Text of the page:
Millions of companies which do not export to Europe should be exempted from the most burdensome Brussels regulations, according to a new report by a business group campaigning for reform of the European Union.
Single market regulations cost UK businesses an estimated £7.5 billion a year, but fewer than 5% of companies actually export goods or services to other EU states, found the report by Business for Britain.
The report proposed a "British option", under which the 95% of UK companies which do not need access to the single market would not be required to comply with its rules. Meanwhile, its authors propose that the UK remain in the EU but withdraw from "political" aspects of the single market, and use the money saved to open up a chain of trade missions to promote British exports around the rest of the world.
Business for Britain chief executive Matthew Elliott said that the "British option" would "at a stroke better position Britain in the global race" and could be extended to other EU nations if they chose to adopt it.
But Business Secretary Vince Cable said the Government should be supporting British companies to trade with other EU states, not "holding them back" by taking actions which would close the door of the single market to them.
The TUC branded the idea "impractical, unworkable and unjust", while the British Influence group - which campaigns for continued UK membership of a reformed EU - said it would be a "bureaucratic nightmare" and would scupper the single market.
The new report is based on a six-month consultation, including a survey of business leaders which found that 46% believe the costs of complying with EU single market regulation outweigh the benefits of being in the EU, against 37% who thought the benefits outweighed the costs. Larger businesses said that benefits outweighed costs by a margin of 47% to 39%, while smaller companies said costs were greater than benefits by 47% to 33%. Medium-sized companies were equally split 43%-43% on whether costs or benefits were larger.
The report cited Government figures suggesting that just 69,559 out of 4.54 million UK businesses - 1.53% of the total - exported to the EU in 2011.
Under the "British option", existing EU regulation would still form the core of business law in the UK, but the Government would publish a list of regulations which companies that do not export to the continent could choose to opt out of, said the report.
Mr Elliott said: " By excluding these firms and organisations that don't need access to the single market from the most burdensome aspects of EU regulation, the Government would, at a stroke, better position Britain in the global race.
"It is clear from our survey of the business community that they want a forward-looking relationship with the EU based on trade rather than politics. Business leaders want access to the single market for the 5% of firms that trade with the EU, but they also want to make Britain more competitive in the global race and to ensure that we are better able to trade with the high-growth areas of the world."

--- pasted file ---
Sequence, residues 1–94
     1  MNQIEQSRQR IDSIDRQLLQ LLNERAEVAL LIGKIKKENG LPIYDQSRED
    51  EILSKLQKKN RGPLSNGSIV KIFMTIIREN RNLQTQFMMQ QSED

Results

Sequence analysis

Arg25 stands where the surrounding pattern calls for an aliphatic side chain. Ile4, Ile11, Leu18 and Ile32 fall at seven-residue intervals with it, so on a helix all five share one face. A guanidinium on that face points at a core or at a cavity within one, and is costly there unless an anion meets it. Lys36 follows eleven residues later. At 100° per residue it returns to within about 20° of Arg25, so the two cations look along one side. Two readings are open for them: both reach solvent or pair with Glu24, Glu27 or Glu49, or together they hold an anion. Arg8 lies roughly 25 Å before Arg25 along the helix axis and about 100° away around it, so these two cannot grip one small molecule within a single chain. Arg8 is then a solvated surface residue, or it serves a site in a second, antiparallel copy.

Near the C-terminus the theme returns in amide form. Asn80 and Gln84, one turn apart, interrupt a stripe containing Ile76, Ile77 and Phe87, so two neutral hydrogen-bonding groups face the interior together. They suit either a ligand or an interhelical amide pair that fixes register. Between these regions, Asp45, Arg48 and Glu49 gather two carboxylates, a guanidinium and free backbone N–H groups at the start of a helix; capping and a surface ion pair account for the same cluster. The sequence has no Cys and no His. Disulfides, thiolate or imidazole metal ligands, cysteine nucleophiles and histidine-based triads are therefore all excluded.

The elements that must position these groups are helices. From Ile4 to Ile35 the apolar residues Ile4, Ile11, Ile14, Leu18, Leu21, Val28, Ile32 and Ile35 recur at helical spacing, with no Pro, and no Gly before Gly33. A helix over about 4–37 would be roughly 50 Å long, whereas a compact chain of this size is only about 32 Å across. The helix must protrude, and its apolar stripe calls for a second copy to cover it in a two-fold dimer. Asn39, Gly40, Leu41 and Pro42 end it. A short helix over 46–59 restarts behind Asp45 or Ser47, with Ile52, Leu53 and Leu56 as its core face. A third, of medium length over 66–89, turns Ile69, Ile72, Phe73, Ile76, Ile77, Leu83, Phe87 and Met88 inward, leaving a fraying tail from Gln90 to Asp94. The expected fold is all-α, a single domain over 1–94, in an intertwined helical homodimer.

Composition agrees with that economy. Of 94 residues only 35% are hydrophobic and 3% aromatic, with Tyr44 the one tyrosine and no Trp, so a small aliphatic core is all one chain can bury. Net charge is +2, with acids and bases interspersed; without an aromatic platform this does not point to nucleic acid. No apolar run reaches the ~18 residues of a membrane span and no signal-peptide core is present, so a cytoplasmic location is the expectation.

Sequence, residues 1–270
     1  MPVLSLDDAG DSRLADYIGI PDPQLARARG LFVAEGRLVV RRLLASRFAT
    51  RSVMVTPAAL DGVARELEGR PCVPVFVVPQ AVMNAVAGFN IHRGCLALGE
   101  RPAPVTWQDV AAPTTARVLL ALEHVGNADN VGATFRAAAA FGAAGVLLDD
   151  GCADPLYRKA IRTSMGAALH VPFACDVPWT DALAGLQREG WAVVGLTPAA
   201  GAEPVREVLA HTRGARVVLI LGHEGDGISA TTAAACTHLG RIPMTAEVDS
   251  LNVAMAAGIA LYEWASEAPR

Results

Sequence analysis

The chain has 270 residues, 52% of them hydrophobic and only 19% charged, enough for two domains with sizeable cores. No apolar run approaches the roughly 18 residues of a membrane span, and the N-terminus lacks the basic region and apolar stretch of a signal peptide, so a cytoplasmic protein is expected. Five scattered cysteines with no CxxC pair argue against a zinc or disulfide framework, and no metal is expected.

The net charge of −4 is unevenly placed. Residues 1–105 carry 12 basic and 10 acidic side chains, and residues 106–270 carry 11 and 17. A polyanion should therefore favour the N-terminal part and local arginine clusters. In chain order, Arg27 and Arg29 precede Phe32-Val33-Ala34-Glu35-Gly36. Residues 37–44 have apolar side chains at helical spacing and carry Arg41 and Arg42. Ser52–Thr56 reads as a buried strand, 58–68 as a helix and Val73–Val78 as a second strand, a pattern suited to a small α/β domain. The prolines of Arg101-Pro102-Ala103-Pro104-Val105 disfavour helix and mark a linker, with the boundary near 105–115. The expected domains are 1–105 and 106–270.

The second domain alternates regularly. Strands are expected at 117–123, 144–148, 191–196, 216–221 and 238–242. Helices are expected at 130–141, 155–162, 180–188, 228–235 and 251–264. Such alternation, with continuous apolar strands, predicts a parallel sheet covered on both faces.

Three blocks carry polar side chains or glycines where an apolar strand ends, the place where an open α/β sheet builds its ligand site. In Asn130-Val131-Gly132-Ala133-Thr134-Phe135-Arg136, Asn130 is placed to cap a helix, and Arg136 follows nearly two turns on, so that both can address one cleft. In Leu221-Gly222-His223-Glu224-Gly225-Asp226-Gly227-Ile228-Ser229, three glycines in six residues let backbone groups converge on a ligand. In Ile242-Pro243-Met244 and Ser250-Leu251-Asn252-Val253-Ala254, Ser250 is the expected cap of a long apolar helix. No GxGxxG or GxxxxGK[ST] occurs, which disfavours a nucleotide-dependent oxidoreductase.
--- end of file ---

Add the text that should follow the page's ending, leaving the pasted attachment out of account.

But Mr Cable said: "One in 10 jobs in the UK rely on trade with the EU. By being in the EU, British businesses also benefit from a common set of rules to do business and attract foreign investors.
"In December, my department launched an ambitious new strategy to help the small and medium sized businesses to grow. As part of this vision, we should be supporting all British businesses to take advantage of the single market, not holding them back by shutting the door on the biggest trading block in the world."
TUC general secretary Frances O'Grady warned: "This is just another attempt to take away people's rights to paid holiday leave, health and safety at work, fairness and equality. It would take away basic employment rights - as well as protections like food safety and consumer rights - from everyone except the chosen few in Britain's export industries.
"It would create a two-tier economy with reams of bureaucratic red tape. It's impractical, unworkable and unjust."
And the director of the British Influence Our Biggest Market campaign, Adam Nathan, said: "These proposals would amount to a bureaucratic nightmare. While there is always scope for reducing the regulatory burden for businesses, these proposals would scupper the single market, which is based on the principle that anything legitimately put on the market in one member state may be put on the market across the whole EU.
"This would be a disaster for our EU exports, which account for 14% of our GDP, and small businesses looking to expand through exporting into Europe would face the double burden of complying with both UK and EU regulations."
British Influence supporter Jonathan Williams, of Southampton-based industry body Marine South East, said: "This proposal can only be described as utterly naive. European customers and suppliers are integral to the UK's business base.
"In the UK's marine sector, there can be few companies whose products and services do not at some stage end up entering the single market. Even a sole trader selling consultancy to a UK client would be seriously affected if the client sells into Europe: loss of that EU business potentially means loss of that consultancy contract."